From stunted moral development. American life is uniquely marked by a Lex Talionis principle — an eye for an eye. But this is also the moral logic of a child. It’s funny — you break a tiny rule and the baby, a little tyrant, lectures you, wagging a cute little finger. But why do children exact such harsh moral punishments? Salvation fairy tales, remember? Children think they risk retribution by fates and gods if you aren’t punished severely for not following the rules exactly, too. The fear of shame overwhelms them. Talionic thought has suffocated America— incarceration, militarism, bigotry— but it is only a reflection of a childlike level of moral development, in which the criminal is not the one who risks being punished, but the shameful one who fails to punish him hardest, too.
Now. It is not that regression is bad per se. It is not. Quite the opposite. But there is healthy regression, and unhealthy regression. Healthy regression is the baby play we engage in with our pets and loved ones — it is a feeling of being nourished emotionally, loved unconditionally, a return to the oceanic primal state of the womb. But a baby can be a spiteful, envious, enraged thing, too. Unhealthy regression is just that: insatiable shame, which, never satisfied, drives intense envy and rage at anyone that gets such love.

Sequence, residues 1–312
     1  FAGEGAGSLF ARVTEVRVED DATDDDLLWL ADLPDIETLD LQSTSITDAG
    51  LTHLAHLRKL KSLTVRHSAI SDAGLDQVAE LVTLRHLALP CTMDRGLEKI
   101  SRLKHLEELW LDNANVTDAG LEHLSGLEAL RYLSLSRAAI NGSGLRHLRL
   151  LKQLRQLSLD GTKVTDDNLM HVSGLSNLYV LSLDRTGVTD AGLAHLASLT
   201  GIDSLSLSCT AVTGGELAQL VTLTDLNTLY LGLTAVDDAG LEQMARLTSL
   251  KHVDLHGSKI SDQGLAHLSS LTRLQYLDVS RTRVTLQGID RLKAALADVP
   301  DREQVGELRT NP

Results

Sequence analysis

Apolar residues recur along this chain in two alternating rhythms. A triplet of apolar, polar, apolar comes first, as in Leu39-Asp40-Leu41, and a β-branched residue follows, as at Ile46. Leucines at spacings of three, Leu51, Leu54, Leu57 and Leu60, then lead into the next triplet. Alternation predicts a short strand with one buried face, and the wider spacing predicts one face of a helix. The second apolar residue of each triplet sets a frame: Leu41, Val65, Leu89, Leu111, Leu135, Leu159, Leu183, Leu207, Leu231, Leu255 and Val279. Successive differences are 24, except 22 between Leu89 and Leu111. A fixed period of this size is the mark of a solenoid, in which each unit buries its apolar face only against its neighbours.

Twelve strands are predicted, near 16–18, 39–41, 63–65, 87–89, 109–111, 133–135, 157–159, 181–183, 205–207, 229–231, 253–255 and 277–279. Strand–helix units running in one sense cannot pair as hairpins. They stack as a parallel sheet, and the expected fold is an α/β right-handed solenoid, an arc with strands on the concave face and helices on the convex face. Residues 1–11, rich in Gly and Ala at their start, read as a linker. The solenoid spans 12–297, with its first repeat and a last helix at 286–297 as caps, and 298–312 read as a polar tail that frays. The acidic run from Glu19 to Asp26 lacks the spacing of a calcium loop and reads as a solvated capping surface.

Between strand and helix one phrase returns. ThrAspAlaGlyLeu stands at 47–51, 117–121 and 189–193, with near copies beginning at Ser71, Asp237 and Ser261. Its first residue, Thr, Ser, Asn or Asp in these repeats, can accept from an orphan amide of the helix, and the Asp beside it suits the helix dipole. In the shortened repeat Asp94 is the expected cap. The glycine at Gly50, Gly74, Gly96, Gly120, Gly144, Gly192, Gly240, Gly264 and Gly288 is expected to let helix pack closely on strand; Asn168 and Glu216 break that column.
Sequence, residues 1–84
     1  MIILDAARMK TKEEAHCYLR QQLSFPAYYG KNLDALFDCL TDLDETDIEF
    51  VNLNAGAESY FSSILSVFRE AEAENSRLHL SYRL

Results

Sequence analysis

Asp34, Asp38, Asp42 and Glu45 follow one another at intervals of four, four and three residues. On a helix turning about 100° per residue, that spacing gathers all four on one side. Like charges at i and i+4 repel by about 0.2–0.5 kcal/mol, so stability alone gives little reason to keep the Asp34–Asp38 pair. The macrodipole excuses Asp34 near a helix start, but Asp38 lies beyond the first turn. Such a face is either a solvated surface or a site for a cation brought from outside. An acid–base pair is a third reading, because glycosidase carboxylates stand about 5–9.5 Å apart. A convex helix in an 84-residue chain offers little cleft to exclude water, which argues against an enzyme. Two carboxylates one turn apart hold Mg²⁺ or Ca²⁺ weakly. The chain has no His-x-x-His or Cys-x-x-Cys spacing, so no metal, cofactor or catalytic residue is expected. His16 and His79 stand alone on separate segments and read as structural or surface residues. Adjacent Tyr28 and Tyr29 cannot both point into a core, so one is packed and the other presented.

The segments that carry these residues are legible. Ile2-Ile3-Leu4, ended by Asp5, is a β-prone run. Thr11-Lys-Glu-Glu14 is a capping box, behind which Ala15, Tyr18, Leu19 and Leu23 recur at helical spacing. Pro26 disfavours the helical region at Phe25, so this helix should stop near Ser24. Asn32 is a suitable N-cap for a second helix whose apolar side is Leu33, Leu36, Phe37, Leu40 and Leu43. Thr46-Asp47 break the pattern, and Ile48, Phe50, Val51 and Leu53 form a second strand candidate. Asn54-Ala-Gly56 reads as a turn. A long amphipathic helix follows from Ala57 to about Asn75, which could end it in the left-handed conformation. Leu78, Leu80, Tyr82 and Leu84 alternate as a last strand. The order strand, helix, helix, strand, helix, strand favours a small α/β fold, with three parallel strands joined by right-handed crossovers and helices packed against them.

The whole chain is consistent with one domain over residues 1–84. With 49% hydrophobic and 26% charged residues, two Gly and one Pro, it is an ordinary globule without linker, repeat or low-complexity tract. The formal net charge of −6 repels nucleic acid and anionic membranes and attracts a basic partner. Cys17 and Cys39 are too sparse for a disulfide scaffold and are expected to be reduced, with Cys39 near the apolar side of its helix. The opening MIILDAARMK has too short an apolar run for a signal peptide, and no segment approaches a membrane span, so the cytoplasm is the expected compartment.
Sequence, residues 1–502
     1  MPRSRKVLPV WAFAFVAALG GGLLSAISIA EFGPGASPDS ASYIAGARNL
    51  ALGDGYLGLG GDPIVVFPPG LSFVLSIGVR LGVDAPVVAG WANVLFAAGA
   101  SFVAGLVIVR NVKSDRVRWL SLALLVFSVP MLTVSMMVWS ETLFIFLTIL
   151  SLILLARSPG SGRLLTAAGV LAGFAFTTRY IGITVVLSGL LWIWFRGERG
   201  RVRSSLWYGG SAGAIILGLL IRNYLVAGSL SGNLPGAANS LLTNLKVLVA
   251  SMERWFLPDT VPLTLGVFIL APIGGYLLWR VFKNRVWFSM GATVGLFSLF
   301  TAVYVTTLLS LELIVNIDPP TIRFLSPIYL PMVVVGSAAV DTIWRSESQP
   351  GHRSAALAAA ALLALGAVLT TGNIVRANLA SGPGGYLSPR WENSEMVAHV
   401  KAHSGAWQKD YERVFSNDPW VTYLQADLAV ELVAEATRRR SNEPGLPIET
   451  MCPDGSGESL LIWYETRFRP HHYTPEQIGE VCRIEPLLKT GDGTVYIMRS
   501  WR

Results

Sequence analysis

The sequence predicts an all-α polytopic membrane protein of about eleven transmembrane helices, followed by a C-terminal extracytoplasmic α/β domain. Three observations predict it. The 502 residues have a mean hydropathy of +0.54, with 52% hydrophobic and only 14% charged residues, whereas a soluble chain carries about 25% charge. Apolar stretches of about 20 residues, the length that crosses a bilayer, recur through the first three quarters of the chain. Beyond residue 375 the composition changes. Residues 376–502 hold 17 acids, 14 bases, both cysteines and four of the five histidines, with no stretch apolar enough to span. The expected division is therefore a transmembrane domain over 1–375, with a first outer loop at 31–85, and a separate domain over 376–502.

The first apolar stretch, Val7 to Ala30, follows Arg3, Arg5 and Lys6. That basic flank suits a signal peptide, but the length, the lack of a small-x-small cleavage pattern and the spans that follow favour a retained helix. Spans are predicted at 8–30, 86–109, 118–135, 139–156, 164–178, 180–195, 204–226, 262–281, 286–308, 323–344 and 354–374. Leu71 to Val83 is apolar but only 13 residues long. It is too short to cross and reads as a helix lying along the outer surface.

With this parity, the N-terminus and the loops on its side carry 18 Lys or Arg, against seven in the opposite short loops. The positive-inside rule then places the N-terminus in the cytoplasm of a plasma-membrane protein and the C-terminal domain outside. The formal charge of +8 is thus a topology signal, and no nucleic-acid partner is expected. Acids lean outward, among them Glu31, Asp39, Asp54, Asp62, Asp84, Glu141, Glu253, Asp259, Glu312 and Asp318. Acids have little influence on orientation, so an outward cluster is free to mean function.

Anyone that gets such love.
In psychology, we might call this sibling rivalry — if mommy or daddy love you more, I will feel ashamed, and hurt you. But isn’t that precisely the operative social law we see in American life? American life is permeated by a culture of cruelty. One the world is by now a little aghast at. The smallest infraction of the rules can yield a homeless, ruined, destroyed life. Every tiny interaction is filled with dread and spite and a sense of vengeance — from buying groceries to going to work to sending a tweet. What explains this? This is a kind of regressive rivalry, shame giving way to childlike envy and spite, instead of adult development.
People do not lift one another up in any way whatsoever — from investing in one another’s healthcare, to being decent to one another — because they cannot. They are ashamed of who they feel they are — unloved little children, unworthy, alone, afraid. Stuck in an unhealthy, rivalrous regression, they are competing for the tiny bits of love left in a broken society.
Now. Who is loving them? Or at least caring for, nurturing, and protecting them? You see, we do not regress unless we are threatened — or we have been abused to the point that we have never grown into adults. So which one of these explains America’s childlike culture?